31 May 2011
Last night the local television station obviously was in need of a health story to use for the holiday weekend. And while I’m out of town and missed it, several friends sent me a message that KTHV used a story from last year’s Breast Cancer Awareness Month package, an interview with my Dr. McCool – or as they spell it at UAMS, Dr. Issam Makhoul.
Here's the link. It’s actually an interview with both of us. And while the story gave too much credit to the spirit of the patient, I will always know that it was Dr. Makhoul who cured my cancer. As I shared with friends this weekend, if I had chosen to receive cancer treatment from a dentist in Booger Hollow, I don’t think my spirit of resolve would have taken my cure very far. While the spirit of the patient is important, it’s the brilliance of the doctor and the medical team and the clinic that delivers the cure.
Watching the clip via the Internet reminded me about so many things about this wonderful physician of extraordinary ability, and I must share, wondering if you agree.
Today, there’s a real buzz about being an active or informed “health care consumer” with some going so far as to mention “consumer-directed health care.” While I agree that being an informed patient is a wise move, I own a B.A. degree in social science! It would not be in my best interest to try to be the director of my cancer care. What a disaster – which is why the credentials of the physician and the doctor-patient relationship are the crucibles of quality health care.
In the eyes of UAMS and Dr. Makhoul, I have always been a patient in need of medical care – not a health care consumer. And I never believed their patient care and treatment services to be a commodity. Far from it!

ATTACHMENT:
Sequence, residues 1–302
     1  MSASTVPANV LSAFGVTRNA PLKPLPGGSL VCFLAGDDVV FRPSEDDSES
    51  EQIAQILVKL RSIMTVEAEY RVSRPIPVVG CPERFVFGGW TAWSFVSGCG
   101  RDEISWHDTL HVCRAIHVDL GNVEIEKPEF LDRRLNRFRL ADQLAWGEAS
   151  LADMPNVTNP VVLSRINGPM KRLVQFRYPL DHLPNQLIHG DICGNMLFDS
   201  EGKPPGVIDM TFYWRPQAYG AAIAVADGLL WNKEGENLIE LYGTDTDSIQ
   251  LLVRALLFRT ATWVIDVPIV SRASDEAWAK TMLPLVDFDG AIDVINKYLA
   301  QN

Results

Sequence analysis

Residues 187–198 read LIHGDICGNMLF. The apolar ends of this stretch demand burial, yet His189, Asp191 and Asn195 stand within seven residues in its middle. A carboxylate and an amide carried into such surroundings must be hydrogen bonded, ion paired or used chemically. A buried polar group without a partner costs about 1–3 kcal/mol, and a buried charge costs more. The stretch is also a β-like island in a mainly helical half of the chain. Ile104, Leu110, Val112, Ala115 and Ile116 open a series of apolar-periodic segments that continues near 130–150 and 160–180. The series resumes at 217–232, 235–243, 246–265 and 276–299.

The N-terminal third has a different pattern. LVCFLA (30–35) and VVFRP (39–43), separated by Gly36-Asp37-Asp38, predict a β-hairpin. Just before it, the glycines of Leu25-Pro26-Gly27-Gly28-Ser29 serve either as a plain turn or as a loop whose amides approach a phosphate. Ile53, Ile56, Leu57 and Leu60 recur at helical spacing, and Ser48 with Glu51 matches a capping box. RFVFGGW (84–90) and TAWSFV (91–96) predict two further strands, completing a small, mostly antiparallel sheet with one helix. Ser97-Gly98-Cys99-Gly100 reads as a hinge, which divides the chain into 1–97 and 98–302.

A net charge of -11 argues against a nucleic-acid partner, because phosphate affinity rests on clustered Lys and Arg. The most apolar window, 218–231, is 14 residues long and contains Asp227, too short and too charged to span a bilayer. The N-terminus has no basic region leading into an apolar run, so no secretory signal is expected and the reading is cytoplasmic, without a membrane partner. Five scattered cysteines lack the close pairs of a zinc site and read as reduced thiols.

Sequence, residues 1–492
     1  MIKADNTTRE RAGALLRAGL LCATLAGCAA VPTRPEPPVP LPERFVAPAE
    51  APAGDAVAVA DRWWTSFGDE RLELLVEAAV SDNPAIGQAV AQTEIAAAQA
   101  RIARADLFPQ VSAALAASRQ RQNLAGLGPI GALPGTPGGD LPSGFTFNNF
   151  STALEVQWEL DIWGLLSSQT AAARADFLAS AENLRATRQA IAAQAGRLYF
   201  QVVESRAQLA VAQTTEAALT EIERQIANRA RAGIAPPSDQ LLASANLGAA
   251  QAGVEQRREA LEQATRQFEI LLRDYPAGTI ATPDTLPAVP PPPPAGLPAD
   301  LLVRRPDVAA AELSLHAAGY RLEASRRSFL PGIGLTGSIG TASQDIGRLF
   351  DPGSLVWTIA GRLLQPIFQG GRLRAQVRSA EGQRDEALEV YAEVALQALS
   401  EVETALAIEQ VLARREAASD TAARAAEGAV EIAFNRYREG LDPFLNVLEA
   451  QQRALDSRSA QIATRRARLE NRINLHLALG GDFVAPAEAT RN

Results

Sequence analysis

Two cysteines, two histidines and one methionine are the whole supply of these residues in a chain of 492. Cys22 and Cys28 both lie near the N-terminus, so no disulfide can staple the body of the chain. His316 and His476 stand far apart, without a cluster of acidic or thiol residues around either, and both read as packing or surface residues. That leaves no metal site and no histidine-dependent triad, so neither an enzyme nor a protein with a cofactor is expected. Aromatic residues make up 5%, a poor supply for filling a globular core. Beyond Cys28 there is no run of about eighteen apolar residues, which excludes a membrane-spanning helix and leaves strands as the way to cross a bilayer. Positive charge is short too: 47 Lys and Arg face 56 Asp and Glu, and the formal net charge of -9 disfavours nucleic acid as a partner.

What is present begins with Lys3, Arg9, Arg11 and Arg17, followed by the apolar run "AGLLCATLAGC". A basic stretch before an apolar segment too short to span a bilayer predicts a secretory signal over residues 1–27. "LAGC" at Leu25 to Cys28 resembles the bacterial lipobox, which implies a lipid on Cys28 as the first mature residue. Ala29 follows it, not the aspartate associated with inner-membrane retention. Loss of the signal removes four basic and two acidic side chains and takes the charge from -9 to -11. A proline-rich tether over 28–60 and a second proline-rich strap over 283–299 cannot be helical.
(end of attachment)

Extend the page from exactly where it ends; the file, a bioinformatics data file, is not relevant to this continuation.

I’ve always been amazed at how much time Dr. Makhoul spends with each patient, never rushed, always explaining in detail the science of the disease, the pros and cons of treatment options, side-effects and obstacles. I could read all day about Inflammatory Breast Cancer and never be a step ahead of this man. It would not be long before I began to ask him one question: “If I was your sister, what would you recommend for me?” He would then share his suggested course of treatment, and that was ALWAYS the choice I made.
(A note of humor: For those of you who know Tim, you won’t be surprised that one day we were leaving UAMS and he said to me, “I sure hope Dr. Makhoul likes his sister.” It would be Tim’s humor that surely got me through some tough times.)
Dr. Makhoul and Nurse B and Nurse Michelle – they will forever be my medical caretakers (along with Drs. Klimberg and Yuen) and I will always be their patient. And that’s the kind of relationship I want with my health care provider.
Thank you Dr. Makhoul. It’s now May 30, 2011. It’s been 468 days since I’ve been in your care. One year, three months and 14 days later, I still feel an incredible sense of faith in your abilities, and UAMS too. And for that, I am very grateful.
Posted by Stacy Sells at 9:44 AM